This was a good exercise for skip counting — the game made it a bit more interesting, but mostly it was about practicing skip counting.  Switching to starting at 1 made for a much more interesting game — the first time, two players finished in 3 rolls.  One of the kids realized that once you were on 96, if you rolled a 3, you should stay on 96 because there are more ways to win, which is the most interesting part of this activity.

# Number Magic (Age 8)

## The Activities

This whole circle is built from activities described in the book Games for Math by Peggy Kaye.

1. Topic: Reducing Fractions.  Book: Fractions in Disguise by Einhorn. A millionaire collects fractions for fun, but then a villain steals a rare fraction and tries to disguise it. Only reducing the fractions to their true values can find the lost fraction.
2. Topic: Addition, Subtraction, Number Properties. I performed a math magic trick. Each kid picked a three digit number where no two digits could match, e.g. 581. Then I turned all their numbers into 1089 by:
1. Reverse the kid’s number.
2. Subtract the smaller number from the larger. (e.g. 581 – 185 = 396).
3. Reverse the result and add it to the result (e.g. 396 + 693 = 1089).
3. Topic: Logic, Strategy.  I taught the kids “Tapatan” a tic-tac-toe like game. Each person takes turns placing one of their three stones on the board. After all six stones are placed, you take turns sliding the pieces from point to point along the board lines. You cannot jump over another piece or land on top it. The first person to get their three stones in a line (vertical, horizontal, or diagonal) wins.
4. Topic: Logic, Addition. I gave the kids a series of ‘number bubble’ puzzles. Place the given digits in the bubbles to make each row add up to the required sum.

A solved puzzle, placing 1,2,3,4,5,6 so that each side adds to 12.

## How did it go?

There were only two kids this week, so it was a good, focused circle. My daughter had a few angry moments, but settled down after some warnings.

#### Fractions in Disguise

Both girls really enjoyed this book. The mystery of the stolen fraction was quite compelling, but they were each a bit reluctant to spend energy trying to reduce the fractions in the book.

#### Number Magic

The kids were quite impressed by this trick. Right away they started trying to figure out how it worked. One girl noticed that the middle digit is always 9 after the initial subtraction. Both kids wanted to try again several times.

I told them there is one class of numbers that the trick does not work for. Eventually, my daughter stumbled upon it. If the first and last digits are consecutive, then the final answer will be 198 instead of 1089. For example: 231 – 132 = 99, 99 + 99 = 198. We noticed how the subtraction always results in 99 in this case.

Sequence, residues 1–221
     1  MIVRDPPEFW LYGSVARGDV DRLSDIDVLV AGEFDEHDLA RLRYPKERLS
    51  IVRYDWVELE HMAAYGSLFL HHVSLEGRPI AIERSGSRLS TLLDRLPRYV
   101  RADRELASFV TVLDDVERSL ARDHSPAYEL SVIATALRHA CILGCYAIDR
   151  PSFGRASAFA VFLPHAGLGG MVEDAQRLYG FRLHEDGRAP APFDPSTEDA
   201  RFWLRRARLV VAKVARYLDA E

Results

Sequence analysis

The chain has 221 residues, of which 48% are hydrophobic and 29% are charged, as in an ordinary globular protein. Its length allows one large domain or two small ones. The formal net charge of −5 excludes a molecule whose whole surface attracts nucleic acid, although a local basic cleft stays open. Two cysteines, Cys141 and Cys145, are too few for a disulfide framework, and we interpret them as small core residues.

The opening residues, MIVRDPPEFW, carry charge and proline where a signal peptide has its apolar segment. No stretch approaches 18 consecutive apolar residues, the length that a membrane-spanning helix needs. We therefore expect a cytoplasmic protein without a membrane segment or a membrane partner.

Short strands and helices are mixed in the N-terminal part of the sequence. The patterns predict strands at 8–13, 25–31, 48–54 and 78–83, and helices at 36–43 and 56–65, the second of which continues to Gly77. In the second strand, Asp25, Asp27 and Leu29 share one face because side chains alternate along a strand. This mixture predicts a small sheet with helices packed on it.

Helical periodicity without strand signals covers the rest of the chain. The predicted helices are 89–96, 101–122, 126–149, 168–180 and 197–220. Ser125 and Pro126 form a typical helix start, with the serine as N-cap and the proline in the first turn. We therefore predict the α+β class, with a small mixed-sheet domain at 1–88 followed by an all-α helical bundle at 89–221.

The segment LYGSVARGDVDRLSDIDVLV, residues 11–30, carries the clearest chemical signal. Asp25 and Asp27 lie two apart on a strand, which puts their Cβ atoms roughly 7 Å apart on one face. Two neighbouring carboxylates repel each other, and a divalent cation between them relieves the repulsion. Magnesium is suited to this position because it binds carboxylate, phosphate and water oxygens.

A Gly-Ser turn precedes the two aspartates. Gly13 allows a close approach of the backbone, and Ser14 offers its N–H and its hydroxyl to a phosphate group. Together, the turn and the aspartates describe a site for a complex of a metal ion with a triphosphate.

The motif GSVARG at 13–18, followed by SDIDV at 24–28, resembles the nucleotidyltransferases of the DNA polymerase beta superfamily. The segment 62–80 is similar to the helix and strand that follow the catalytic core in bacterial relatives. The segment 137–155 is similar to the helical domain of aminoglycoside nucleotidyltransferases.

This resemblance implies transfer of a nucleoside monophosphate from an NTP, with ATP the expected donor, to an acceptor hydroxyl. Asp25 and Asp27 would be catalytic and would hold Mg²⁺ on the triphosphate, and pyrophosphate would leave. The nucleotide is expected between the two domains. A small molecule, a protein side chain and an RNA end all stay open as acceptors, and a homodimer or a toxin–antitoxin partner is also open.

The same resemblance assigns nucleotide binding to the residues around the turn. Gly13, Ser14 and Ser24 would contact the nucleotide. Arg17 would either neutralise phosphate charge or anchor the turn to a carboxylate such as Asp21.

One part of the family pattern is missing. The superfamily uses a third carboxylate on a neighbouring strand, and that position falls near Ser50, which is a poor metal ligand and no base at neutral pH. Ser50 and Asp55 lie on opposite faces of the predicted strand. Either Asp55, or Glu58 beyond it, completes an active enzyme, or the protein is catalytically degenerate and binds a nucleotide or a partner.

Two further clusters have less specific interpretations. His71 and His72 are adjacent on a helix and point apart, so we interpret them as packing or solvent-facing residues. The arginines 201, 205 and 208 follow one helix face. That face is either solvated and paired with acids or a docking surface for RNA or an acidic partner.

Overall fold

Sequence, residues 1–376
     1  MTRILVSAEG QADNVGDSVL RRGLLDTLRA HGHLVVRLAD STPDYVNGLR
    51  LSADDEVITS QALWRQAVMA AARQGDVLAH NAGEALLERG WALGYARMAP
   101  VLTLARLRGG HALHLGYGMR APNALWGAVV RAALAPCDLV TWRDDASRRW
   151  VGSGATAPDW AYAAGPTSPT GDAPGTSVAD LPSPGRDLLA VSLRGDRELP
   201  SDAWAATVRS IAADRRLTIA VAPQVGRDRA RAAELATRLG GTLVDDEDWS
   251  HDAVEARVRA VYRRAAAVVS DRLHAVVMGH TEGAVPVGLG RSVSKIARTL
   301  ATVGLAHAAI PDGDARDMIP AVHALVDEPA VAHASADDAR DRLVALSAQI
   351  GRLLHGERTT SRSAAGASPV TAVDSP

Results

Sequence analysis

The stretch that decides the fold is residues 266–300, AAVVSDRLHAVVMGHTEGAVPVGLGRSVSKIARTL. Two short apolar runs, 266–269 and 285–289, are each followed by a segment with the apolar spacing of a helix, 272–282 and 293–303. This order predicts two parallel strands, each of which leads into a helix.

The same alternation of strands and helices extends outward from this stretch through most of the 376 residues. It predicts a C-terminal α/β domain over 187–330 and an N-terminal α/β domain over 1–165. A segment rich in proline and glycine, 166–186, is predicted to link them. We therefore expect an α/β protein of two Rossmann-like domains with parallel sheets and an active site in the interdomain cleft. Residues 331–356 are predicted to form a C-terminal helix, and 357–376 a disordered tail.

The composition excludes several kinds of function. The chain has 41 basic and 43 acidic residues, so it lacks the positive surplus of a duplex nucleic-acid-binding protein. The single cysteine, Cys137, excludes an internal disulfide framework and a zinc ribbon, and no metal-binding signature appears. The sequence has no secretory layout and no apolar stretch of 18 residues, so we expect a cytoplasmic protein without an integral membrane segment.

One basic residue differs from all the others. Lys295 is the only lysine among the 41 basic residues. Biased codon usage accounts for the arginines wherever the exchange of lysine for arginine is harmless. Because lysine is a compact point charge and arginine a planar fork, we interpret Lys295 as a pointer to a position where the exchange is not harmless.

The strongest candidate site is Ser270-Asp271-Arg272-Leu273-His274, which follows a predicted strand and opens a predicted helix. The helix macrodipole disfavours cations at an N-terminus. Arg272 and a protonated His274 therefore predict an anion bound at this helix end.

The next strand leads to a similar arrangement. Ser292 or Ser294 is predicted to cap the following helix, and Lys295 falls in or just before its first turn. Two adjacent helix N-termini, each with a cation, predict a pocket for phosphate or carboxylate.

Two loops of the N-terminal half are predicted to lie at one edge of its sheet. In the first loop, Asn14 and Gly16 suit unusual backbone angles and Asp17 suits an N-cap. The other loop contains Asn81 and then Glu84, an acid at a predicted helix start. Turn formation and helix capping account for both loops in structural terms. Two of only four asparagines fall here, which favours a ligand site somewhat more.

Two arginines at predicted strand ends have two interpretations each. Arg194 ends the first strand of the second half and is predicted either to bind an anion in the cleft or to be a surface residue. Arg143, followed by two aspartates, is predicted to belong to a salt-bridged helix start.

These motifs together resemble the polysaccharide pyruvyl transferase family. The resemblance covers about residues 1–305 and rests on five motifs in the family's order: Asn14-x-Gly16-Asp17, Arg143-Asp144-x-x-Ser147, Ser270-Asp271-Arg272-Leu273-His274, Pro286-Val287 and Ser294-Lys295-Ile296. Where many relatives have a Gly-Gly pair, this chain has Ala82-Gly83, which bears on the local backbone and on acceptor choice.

#### Tapatan

This game proved to be pretty fun. The girls quickly started thinking a move or two ahead to make sure they didn’t let their opponent win. My daughter was quite a poor sport whenever she lost, crumpling up the board, or throwing the pieces. The other girl was very calm during these tantrums. There is a lot more to this game than to tic tac toe. We added one extra rule: you cannot undo a move on your next turn, i.e. you can’t move a stone back to the same place it had been the previous turn. This helps prevent stalemates.

#### Bubble Logic

Both girls quickly got the idea of these problems, and had some good insights. On the first class of problems, with the 4 bubbles in a cross shape, my daughter quickly noticed that you should always put the middle two numbers together, and the largest and smallest together.

Later, when we switched from the L-shaped 5-bubble puzzle to the cross-shaped 5-bubble puzzle, both girls independently realized that they could reuse their answer from the L-shape. This was a great insight.

We stayed late at circle a few minutes, because both girls wanted to finish all the bubble puzzles.

# Love And Hate (Age 8)

## The Activities

1. Topic: Logic: Book: Still More Stories to Solve by G. Shannon, stories 9-10.
2. Topics: Simulation, Triangular Numbers: I did a variant of last week’s Star Wars battles activity.  This time though, I used Pokemon theme and had 1 big Pokemon (e.g., Charizard) fighting a bunch of small Pokemon (we used small blue cubes, so they were Merills).  Each small Pokemon had 1 hit point and 1 attack, and the Charizard had lots of health, e.g., 25, and did 5 damage (but could only attack one Merrill each turn).  Each round, the Merrills each do 1 damage to the Charizard and the Charizard kills one Merill.  The question was, how many Merills does it take to knock out the Charizard?  Once they figured this out, I asked 50 HP and 100 HP.  Finally, I changed it so the Charizard also had a fire breath that did 1 damage to all enemies that could be used every 3 turns, but now the Merills didn’t have to all attack at once (some could stay back and be protected from the fire breath).  The goal was to figure out how much damage 6 Merills could do.
3. Topics: Drawing, Scale: I picked two line drawings from the Internet, scaled them to the size of a sheet of paper, and overload a 12 x 16 grid.  Then, I gave each kid a piece of graph paper (with much smaller squares), and asked them to shrink the picture, treating each square on the big picture as one square on their graph paper.

## How Did It Go?

We had four kids this week.  This circle didn’t go that well — most kids weren’t trying to solve the Pokemon problem, and only a couple kids tried to use the graph paper to shrink the drawing.

#### Still More Stories To Solve